This procedure requires you to align the sky according to all the exposures, and optionally calibrate the photo, but certain software such as DeepSkyStacker, Starry Landscape Stacker, and Sequator can facilitate this and make the process faster and easier.
As time consuming as the process may be to manually stack images in Adobe Photoshop as shown in the video above, I enjoy the experience very much. There is something about seeing your image improve slightly over time that is very satisfying!
Image stacking is a central step when it comes to editing in astrophotography. We would not be able to witness the beauty of night sky through pictures in this quality we have to today without utilizing this technique. Increasing the ratio of signal to noise gives a much cleaner photo.
For foreground details, you may need to mask this area and blend in a separate exposure highlighting this area. In the example below, a single image of the terrestrial landscape was blended in to replace the blurry result from registering the stars in the image.
If you plan on stacking your images, be aware that the ground will be blurry in the image unless you blend in a stationary version.
Here are some of the many stacking software options available to you. I tend to use Adobe Photoshop to stack my un-tracked images, or DeepSkyStacker. Adobe Photoshop has an image stacking script option to automate the process, and it is worth checking out.
⦁ Sequator – It is great to use if you are a Windows user because it is free. It makes the process of image stacking extremely easy and you will end up with a beautiful photograph in no time. It also supports RAW format which is important when trying to achieve the best quality.
⦁ Starry Landscape Stacker – This software is available only for Mac OS X users and there is a free trial period. You won’t have to worry that your pictures will turn out anything less than great when using this software. The only con about the software is that it doesn’t support RAW files, so you have to convert them to TIFF using Adobe Camera RAW, or similar software.
⦁ DeepSkyStacker – Another software that is supported on Windows. It simplifies the process of stacking by doing registering, simple post stacking processes, and saving the final result to a TIFF file.
Star Trail Images
What about times when you want to show star trails? Star trail photography can result in beautiful portraits of the apparent movement of stars in the night sky like the image below. The process involves capturing images with much longer exposure times than you would use for the 500 rule.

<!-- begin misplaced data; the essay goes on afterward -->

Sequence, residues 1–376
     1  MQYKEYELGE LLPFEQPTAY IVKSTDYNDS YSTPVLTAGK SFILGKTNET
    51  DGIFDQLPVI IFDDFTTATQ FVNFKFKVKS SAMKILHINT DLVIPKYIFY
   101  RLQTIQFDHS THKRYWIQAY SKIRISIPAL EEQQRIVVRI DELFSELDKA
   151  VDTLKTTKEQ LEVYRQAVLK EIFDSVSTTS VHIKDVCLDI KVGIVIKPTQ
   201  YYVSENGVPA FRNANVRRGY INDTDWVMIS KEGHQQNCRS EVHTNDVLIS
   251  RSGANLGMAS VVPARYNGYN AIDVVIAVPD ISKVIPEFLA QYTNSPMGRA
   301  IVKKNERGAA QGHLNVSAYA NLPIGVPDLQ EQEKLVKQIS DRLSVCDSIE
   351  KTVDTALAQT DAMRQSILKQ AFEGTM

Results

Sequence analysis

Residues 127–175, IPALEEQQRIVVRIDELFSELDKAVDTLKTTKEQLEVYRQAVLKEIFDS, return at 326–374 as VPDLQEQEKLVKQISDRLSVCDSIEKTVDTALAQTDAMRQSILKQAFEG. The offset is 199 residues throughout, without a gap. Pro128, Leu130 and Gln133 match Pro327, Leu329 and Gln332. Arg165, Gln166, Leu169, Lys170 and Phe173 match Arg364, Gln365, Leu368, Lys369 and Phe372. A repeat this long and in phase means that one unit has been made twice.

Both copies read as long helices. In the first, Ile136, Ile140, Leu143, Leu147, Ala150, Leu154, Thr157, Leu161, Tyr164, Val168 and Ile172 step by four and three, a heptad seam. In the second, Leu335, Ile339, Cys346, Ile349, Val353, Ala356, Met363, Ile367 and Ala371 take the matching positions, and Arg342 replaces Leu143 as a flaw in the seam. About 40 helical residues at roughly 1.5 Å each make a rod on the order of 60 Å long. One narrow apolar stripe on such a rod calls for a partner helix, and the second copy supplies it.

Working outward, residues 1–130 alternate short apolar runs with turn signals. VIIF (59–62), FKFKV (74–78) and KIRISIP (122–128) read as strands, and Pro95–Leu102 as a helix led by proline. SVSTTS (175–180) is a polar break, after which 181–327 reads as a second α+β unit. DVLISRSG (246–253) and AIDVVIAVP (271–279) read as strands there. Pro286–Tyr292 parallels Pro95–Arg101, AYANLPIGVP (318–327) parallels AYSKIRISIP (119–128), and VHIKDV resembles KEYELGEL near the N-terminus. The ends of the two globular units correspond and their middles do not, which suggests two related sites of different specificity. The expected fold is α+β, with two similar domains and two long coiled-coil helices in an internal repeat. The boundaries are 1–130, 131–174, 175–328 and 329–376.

In this star trial image by Quentin De Meur, the photographer intentionally allowed the stars to trail and stacked several photos together.
Photographers will use the longest exposure time possible (without blowing out the highlights), to capture the most amount of movement in the sky as possible. In many cases, this is a 30-second exposure on a fixed tripod. The images are then blended together in Adobe Photoshop using the “lighten” blend mode to create ultra-long star trails over time.
The 600 Rule
This is another variation of the 500 rule formula, The only difference is that 500 is being replaced by 600 – everything else stays the same and the formula functions in the same way. The result is a slightly longer exposure time.
If you are using a full frame camera then the equation will be : 600/ FL = SS
However, with slight alterations and taking the crop sensor sizes into consideration, this formula can be adjusted in order to fit all the other types of frames.
If you are using a crop sensor camera such as Nikon or Canon you need to add the crop sensor value into the equation: 600/ FL / CF = SS
Again, this is just a rule of thumb and it might not work in all situations, but it could be worth giving a shot.
The 500 Rule is not the be all end all solution to capturing the perfect image of the night sky, but it is an extremely useful point of reference. Many beginners (myself included), start with a crop-sensor, entry level DSLR camera and kit lens (usually 18-55mm or similar).
For users in this situation, I believe the 500 Rule is an excellent formula to try out the next time you set up your tripod. If you have a high-resolution sensor with 30 MP +, you may want to dial back the 500 Rule suggestion, or look into the NPF Rule.
By simply by understanding how this formula works, you will have a better understanding of the process of capturing photos of the stars at night, which are essentially moving targets.
Whether you are using a full frame camera, or a micro 4/3, the 500 rule situations. is a practical benchmark in many situations. When used in combination with image stacking and different software tools, capturing a beautiful image of your favorite constellation or the Milky Way is within your reach.